“It’s important to recruit with integrity,” he said. “We value the idea of forming relationships with these potential student-athletes.”
For McCutcheon, who’s in his third year at Minnesota, transparency is key. He and his staff are honest with their players, senior Morgan Bohl said.
“They always stress that if we need someone to talk to, we can come to them,” Bohl said. “[McCutcheon] is pretty open with us.”
In developing his student-athletes as better people, McCutcheon said he relies upon the similar principles of success in both life and sports.
“The great thing about sport is that it’s very analogous to life,” he said. “You have to work with your teammates to manage the problem you’re faced with.”
Head women’s tennis coach
As head coach of the women’s tennis team, Merzbacher establishes familiarity with his players from the start.
Merzbacher himself was a member of the men’s tennis team from 1984 to 1986, winning two Big Ten conference titles and three All-Big Ten selections. Teague hired him in summer 2012.
He uses this past experience in his coaching to understand what the players are encountering.
“Without my opportunity here, I never could have played beyond college,” he said. “We all go through things in our lives that affect our tennis. I feel like I’ve done it all. I feel like I’ve experienced the good and the bad of being an athlete, so I encourage my players to hang in there and stay positive.”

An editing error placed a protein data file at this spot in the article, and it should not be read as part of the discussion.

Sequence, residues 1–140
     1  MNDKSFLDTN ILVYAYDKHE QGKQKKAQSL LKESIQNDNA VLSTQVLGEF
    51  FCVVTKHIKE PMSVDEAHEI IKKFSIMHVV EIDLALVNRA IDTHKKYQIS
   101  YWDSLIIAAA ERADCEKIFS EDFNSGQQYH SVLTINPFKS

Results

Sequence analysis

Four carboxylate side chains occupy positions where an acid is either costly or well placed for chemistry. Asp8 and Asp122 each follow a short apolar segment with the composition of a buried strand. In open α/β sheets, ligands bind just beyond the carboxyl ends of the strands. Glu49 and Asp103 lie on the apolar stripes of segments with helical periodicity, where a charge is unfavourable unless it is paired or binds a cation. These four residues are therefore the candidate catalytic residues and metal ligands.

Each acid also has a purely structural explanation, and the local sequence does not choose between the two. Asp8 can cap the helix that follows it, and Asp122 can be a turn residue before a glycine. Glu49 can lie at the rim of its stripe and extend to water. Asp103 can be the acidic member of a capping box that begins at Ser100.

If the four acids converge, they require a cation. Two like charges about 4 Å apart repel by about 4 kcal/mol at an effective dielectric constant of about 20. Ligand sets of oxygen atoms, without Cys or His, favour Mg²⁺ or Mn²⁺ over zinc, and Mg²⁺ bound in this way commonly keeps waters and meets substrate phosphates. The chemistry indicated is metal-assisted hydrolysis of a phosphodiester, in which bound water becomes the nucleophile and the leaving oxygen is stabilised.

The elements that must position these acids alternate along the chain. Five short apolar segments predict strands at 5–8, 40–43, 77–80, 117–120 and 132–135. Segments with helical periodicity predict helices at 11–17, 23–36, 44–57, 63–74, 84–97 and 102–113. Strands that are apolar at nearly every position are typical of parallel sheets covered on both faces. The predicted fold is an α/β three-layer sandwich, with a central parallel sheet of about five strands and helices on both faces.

In his recruiting, Merzbacher said it’s important for him to get to know his recruits before signing them.
“When I was hired here, I told my bosses that I just want to know who we’re getting. It’s very important to me,” Merzbacher said. “We need to know who we’re getting because we’re trying to do something special here.”
Merzbacher said he tries to make his players realize the importance of seizing the opportunity they have.
“I kind of lived it, and now I just want to keep enlightening them on what a great opportunity it is to play here and get a degree from here,” he said.
Head women’s basketball coach
One of Teague’s newer hires is Marlene Stollings, the head coach of the women’s basketball program.
Stollings spent the past two years as head coach of Virginia Commonwealth University. Teague was VCU’s athletics director prior to taking the job at Minnesota, although he did not hire Stollings at VCU.
Stollings’ style is quite similar to that of Richard Pitino. Her teams score points — at least 90 points with VCU five times — just like she did when she played, in bunches.
In her home state of Ohio, Stollings holds the record for most career points, among both boys and girls, with 3,514. That’s almost 1,000 more points than LeBron James’ high school career total at 2,657.
But beyond her playing career, Stollings has seen success coaching as well.
“Coach Stollings is a proven head coach, a proven recruiter and at each step in her career, she has improved the program from which she worked big-time,” Teague said at the press conference announcing the hire in April.
At the same press conference, Stollings said “recruiting will be the lifeblood of this program.”
She expressed the need to keep Minnesota’s best players in their home state.